The Justice Department’s swift elimination of Trump-era environmental policies sets a fresh tone for the agency under the Biden administration.
“That’s a clear signal that there is a new sheriff in town,” Williams Mullen attorney Carrick C. Brooke-Davidson said after the Environment and Natural Resources Division’s top lawyer withdrew a slate of memos issued by Trump appointees.
The withdrawal, first reported Thursday by Bloomberg Law, scraps restrictions on certain types of mitigation measures and popular settlement tools called supplemental environmental projects, or SEPs. Jean E. Williams, a career official currently leading ENRD, said the Trump-era policies were “inconsistent with longstanding Division policy and practice.”
The move drew quick praise from environmental advocates, industry lawyers, and former Justice Department lawyers across the political spectrum—many of whom viewed an array of Trump memos as counterproductive to resolving cases and righting environmental wrongs.
“It is great news for our country, for our environment, and for the rule of law that good sense is back at the environment division of the Department of Justice,” said Lois Schiffer, who led the division during the Clinton administration. “This is an important step to restoring good morale as well as good practices of the environment division.”
Numerous nixed policies came from Trump-appointed Assistant Attorney General Jeffrey Bossert Clark, who sought aggressive constraints on environmental enforcement during his tenure and had a strained relationship with ENRD’s career staff.
“The fact that it was done so quickly is illustrative of the fact that those memos were a solution in search of a problem,” said Holland & Hart LLP attorney Kelly Johnson, a political official during the George W. Bush administration.
But it’s unusual to see such a sweeping move from a career official, said Vinson & Elkins LLP attorney Corinne Snow, a Justice lawyer during the Trump administration. President Joe Biden hasn’t yet nominated a new assistant attorney general for ENRD or installed any political deputies.
“Instruction from someone higher in the administration must have been involved in this because the career leadership at ENRD is just not the type to rescind policy memos unilaterally regardless of how they feel about the policies,” she said.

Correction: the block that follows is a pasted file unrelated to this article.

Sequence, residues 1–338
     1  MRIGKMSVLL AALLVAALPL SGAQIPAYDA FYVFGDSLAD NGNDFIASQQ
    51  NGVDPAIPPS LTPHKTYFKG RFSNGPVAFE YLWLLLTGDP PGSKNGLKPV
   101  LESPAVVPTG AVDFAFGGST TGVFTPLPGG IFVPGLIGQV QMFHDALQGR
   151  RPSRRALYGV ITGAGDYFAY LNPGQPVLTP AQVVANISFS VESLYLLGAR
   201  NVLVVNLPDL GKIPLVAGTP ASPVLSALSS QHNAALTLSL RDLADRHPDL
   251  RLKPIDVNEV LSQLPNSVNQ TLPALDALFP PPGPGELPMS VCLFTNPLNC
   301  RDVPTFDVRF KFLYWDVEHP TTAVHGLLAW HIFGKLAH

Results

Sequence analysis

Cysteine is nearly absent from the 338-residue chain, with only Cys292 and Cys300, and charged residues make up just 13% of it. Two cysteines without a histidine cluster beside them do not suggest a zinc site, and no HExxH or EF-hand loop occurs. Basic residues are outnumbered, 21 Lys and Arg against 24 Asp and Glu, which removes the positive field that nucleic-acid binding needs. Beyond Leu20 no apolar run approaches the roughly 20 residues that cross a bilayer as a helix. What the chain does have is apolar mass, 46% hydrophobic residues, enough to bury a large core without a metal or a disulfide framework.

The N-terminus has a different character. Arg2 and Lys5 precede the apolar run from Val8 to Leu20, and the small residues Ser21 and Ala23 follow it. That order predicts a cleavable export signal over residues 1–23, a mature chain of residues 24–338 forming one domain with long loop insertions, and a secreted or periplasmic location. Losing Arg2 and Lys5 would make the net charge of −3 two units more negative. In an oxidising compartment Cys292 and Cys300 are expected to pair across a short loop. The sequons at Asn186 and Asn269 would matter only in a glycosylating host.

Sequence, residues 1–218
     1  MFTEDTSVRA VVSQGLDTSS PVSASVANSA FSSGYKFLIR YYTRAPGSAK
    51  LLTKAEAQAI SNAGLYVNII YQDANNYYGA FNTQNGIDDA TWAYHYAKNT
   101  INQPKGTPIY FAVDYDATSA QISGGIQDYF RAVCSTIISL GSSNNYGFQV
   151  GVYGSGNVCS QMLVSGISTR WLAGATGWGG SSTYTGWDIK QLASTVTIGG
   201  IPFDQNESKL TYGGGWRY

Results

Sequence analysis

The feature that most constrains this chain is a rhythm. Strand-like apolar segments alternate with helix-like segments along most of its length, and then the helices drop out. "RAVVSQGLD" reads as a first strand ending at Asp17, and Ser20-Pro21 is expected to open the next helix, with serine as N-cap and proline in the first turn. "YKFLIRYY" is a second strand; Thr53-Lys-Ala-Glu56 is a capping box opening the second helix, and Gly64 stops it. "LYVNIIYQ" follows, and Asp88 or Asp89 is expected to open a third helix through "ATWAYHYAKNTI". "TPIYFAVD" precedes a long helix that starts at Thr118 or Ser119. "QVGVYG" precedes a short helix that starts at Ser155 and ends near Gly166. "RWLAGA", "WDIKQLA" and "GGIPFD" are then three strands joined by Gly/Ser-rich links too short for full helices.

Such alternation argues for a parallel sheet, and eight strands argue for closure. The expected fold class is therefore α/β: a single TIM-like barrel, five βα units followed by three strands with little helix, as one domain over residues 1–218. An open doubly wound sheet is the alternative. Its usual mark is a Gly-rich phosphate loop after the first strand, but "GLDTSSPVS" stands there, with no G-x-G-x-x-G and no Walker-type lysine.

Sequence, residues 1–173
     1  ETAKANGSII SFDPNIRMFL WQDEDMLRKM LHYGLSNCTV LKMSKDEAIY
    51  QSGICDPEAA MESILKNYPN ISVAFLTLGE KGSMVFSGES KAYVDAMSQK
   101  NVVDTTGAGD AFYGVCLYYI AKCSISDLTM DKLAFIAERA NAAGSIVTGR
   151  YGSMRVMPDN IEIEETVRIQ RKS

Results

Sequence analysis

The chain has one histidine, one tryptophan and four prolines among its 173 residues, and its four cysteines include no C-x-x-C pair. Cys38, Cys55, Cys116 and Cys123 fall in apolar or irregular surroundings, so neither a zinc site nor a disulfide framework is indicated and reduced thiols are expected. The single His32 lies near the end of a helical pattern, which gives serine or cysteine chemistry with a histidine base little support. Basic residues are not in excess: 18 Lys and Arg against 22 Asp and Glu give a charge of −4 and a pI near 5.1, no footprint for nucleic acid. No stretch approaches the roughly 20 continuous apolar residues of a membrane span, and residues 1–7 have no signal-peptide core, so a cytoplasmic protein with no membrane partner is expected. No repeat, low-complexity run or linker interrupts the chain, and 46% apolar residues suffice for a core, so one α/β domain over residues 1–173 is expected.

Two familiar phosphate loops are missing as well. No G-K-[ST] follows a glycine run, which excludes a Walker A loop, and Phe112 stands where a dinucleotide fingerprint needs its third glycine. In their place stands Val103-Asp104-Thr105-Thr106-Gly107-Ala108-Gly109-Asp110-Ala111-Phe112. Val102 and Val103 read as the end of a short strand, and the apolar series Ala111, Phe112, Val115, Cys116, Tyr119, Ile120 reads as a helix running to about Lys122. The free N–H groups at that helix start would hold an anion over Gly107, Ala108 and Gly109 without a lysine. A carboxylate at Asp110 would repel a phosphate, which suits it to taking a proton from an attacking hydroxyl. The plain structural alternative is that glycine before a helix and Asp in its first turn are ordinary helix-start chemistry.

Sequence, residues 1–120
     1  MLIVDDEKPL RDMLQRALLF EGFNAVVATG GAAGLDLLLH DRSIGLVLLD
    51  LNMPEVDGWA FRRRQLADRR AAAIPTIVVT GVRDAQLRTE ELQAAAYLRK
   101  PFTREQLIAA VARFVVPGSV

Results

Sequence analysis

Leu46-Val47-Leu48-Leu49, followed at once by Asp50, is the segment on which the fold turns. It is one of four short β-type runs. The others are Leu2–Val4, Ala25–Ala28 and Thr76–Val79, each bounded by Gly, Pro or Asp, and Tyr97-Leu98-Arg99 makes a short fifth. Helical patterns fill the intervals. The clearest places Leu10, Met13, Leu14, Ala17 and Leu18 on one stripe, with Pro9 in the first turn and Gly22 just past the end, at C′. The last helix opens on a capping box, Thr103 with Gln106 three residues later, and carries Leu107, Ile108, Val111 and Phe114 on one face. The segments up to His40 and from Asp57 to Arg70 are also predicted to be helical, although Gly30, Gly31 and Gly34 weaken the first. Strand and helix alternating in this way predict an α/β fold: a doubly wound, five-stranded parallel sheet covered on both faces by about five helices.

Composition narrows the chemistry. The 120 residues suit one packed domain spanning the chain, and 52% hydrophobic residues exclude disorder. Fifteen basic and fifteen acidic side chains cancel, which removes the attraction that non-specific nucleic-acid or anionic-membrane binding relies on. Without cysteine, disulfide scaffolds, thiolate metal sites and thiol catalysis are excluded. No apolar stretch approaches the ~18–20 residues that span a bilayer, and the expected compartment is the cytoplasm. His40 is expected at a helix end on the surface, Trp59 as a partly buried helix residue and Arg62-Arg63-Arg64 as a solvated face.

Environmental Integrity Project executive director Eric Schaeffer, an EPA enforcement official in the 1990s, saw the quick action as a positive sign.
“That’s what we wanted, not to waste time in a lot of kabuki ritual on overturning things that they jammed through in the last minute,” he said. Clark issued several of the now-withdrawn memos during his last days at the agency.
Georgetown Law’s Sara Colangelo, a Justice Department enforcement lawyer from 2007 to 2015, said the policy reset allows ENRD and the Environmental Protection Agency to focus on carrying out Biden’s order to prioritize environmental justice.
“This move immediately provides ENRD and EPA more options to comply with President Biden’s order on developing an environmental justice enforcement strategy,” she said, adding that mitigation measures and SEPs that were placed off limits by the Trump administration are important tools for addressing pollution in overburdened communities.
Thursday’s memo cites Biden’s first-day executive order requiring agencies to review regulations and agency actions that conflict with the White House’s commitment to addressing climate change and environmental injustice.
“These cases take often a long time, so you’ve got people who are being hurt by pollution waiting and waiting and waiting,” Schaeffer said. “When you finally get there, to be able to give something back to the community is really important.”
The White House has also directed the Justice Department to consider creating an environmental justice office.
Industry lawyers and environmentalists alike praised DOJ’s revival of SEPs—environmentally beneficial projects companies volunteer to do as part of many settlements for alleged violations. Clark, the Trump appointee, banned SEPs last year after determining they illegally funneled money away from the U.S. government.
“They had been a very popular enforcement resolution tool for 30 years now,” said Schiff Hardin lawyer Francis X. Lyons, a former EPA official and Justice attorney. “There was a great deal of disappointment when the prior administration withdrew their applicability.”
Brooke-Davidson, a career lawyer at Justice from 1985 to 1997, said having SEPs back in play helps his clients resolve cases.
“Whenever you’re trying to negotiate any kind of settlement, it’s always helpful to have as many moving parts as you can,” he said.
Clark’s SEPs ban was viewed as a likely target for reversal under the Biden administration, along with a series of last-minute memos he issued before resigning last month.
Democracy Forward, the Conservation Law Foundation, and the Surfrider Foundation—which challenged Clark’s SEPs ban in court—celebrated Thursday’s news.
“We’re proud of our fight to ensure the DOJ and EPA follow the law and reverse the unlawful Trump-era policy,” the groups said in a joint statement. “And we applaud the Biden administration for swiftly moving to do just that.”
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